Santee Cooper, South Carolina’s largest power producer – and its only state-owned electric utility, serving over 2 million customers and providing retail services in Berkeley, Georgetown, and Horry counties – raised its rates and approved a controversial solar buyback program at a board meeting on December 7.
Two-Part Rate Hike
Specifically the state utility’s residential, commercial, and industrial customers will be hit with a 3.7 percent increase over each of the next two years, effective in April 2016 and April 2017, to meet an overall budget of $2.7 billion endorsed by the board.
Residential customers also will absorb a $3 increase in their monthly fees, from $14 to $17.
The utility last raised its electric rates in 2013, and still claims to charge less than most other U.S. energy providers. “I know times continue to be challenging for many of our customers,” Chairman Leighton Lord told board members and meeting attendees, according to the local newspaper, The Post and Courier, adding that Santee Cooper’s rates remain 29 percent below the national average. “We’ve got good, competitive rates.”
The rate increase was necessary, he said, because of slower-than-expected growth in the demand for electricity and higher debt-servicing costs for two nuclear power generators the utility is building with South Carolina Electric & Gas in Jenkinsville.
The board approved a package of solar charges that had been under discussion for months, noting that such fees are necessary to recoup lost revenue now that customers are generating their own renewable energy.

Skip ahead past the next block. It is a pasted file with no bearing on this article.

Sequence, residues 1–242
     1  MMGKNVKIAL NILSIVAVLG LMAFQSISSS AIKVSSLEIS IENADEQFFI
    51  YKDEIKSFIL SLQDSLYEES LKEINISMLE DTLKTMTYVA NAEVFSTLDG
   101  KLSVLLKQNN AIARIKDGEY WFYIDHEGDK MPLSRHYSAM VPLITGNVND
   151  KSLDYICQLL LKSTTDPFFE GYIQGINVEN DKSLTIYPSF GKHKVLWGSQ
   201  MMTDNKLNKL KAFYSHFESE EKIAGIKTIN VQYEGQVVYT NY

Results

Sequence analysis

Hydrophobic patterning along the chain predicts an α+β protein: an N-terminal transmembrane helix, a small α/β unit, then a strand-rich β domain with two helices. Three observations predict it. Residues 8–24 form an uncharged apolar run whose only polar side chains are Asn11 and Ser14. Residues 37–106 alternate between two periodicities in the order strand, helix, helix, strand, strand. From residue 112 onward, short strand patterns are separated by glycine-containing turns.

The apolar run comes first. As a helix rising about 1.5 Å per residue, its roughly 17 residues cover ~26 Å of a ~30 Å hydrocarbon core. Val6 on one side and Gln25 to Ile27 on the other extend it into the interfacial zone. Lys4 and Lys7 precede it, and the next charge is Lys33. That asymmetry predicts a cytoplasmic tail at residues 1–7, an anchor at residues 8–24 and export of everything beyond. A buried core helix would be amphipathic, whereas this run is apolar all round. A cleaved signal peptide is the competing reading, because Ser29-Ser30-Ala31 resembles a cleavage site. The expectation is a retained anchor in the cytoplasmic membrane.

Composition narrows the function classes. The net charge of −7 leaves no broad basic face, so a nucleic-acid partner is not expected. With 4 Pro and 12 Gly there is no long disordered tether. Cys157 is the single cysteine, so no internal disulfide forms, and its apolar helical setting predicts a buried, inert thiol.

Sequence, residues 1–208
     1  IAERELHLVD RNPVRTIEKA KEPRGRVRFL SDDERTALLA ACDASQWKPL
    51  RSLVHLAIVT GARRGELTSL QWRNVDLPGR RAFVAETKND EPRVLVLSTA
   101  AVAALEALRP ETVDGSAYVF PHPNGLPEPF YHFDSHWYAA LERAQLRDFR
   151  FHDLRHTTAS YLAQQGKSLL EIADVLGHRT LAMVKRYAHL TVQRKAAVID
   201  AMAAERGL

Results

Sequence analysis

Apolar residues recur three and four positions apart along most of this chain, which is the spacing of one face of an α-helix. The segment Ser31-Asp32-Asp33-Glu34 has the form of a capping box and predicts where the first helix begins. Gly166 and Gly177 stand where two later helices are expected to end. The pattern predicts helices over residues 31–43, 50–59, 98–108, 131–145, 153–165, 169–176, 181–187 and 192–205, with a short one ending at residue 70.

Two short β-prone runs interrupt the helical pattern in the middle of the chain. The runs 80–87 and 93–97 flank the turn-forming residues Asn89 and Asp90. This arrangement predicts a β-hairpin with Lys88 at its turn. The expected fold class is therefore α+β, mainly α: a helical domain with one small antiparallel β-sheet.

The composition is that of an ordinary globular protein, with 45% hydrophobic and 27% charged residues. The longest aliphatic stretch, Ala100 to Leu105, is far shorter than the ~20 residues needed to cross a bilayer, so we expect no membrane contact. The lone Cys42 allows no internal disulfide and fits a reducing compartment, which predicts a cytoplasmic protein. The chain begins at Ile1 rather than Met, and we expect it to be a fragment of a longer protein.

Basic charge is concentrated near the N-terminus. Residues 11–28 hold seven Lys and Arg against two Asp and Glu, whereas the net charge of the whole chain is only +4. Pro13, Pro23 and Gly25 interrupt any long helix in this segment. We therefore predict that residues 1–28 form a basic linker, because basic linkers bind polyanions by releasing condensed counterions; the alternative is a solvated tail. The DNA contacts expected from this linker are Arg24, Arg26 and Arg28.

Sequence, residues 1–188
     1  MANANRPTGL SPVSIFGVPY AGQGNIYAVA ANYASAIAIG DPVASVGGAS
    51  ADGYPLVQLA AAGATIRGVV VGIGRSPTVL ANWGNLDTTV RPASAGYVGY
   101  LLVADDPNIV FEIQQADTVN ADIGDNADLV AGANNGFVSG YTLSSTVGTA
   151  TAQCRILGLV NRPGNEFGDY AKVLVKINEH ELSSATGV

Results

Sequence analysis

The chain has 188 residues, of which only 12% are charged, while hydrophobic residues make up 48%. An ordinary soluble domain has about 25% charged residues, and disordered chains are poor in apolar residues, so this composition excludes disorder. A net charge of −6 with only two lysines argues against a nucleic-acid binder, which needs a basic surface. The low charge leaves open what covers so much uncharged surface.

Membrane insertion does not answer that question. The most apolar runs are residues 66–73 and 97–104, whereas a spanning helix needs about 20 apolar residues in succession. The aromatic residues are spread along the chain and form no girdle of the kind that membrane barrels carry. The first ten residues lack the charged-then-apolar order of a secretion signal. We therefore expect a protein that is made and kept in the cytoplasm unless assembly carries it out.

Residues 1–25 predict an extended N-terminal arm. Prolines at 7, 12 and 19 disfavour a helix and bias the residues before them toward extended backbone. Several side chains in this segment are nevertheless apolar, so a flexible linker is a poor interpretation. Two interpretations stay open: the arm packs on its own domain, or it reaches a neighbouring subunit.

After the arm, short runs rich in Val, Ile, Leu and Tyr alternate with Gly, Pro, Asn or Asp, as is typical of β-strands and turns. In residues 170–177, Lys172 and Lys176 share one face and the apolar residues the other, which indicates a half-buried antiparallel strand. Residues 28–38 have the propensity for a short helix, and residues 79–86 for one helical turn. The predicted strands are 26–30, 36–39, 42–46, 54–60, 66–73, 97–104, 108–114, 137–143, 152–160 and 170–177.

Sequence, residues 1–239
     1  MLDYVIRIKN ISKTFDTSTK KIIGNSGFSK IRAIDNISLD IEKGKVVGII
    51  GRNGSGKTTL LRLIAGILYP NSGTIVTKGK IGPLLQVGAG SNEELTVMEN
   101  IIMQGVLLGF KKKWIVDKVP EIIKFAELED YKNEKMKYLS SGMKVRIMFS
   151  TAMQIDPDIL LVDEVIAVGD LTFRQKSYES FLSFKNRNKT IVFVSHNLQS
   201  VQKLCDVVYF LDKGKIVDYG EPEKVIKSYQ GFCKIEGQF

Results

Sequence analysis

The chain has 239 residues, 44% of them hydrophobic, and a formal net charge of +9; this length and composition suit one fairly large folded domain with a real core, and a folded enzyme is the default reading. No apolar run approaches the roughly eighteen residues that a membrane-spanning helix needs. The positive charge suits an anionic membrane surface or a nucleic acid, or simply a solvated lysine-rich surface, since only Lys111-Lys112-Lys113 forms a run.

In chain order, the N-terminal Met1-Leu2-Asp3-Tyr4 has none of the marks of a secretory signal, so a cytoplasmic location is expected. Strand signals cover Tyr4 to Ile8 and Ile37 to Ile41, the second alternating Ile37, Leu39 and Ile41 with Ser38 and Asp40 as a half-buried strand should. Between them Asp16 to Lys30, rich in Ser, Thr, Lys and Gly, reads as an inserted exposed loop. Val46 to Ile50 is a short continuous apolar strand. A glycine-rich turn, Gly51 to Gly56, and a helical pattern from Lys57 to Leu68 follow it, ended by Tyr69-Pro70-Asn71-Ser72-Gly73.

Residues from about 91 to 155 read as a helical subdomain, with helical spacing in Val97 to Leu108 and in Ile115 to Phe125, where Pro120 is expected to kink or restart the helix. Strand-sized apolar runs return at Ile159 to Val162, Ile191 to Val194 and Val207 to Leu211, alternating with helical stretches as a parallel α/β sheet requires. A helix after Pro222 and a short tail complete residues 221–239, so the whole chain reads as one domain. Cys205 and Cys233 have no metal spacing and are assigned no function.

The board approved a “standby fee,’’ that will cost residential customers $4.40 per month per kilowatt of installed solar capacity. It also approved the use of rebates and credits to incentivize customers to install solar generation, instead of a net metering rate.
At the same time, the board set the rates for crediting generation at less than its retail rate, according to the JD Supra Business Advisor. The company charges about 11 cents per kilowatt hour (kWh) for customers to buy its power, but will pay back residential solar generators about 7 cents/kWh for any excess solar energy they produce.
Those charges are being hotly contested by environmentalist, including the Southern Environmental Law Center, which recently stated, “While South Carolina’s investor-owned utilities are making affordable solar power more accessible for families and businesses, state-owned Santee Cooper is going in the opposite direction by proposing stiff charges that would penalize customers for exercising their right to use this clean, renewable resource.
“Santee Cooper staff recently proposed a fee that would make solar cost-prohibitive for its customers. The tax, not levied by any other South Carolina utility, would amount to a monthly charge of approximately $30 for an average solarized household,” the advocacy group argued.
The group noted that Santee Cooper is the only utility in South Carolina that has adopted such fees. “Like energy efficiency upgrades, solar lets customers take more control of their monthly energy bills to reduce the impact of rising rates — something to be encouraged, not punished,” the Law Center opined, adding, “Private utilities Duke Energy and South Carolina Electric & Gas offer solar programs with no punitive metering or standby charges. They also offer retail-rate net metering to their customers – meaning customers are paid the full retail rate for extra energy they send back to the grid.”
Now, advocates are predicting that the fees will have a chilling effect on solar growth in the Palmetto State. Indeed, the Southern Environmental Law Center expects, the charges will mean “Lights out for solar,” statewide.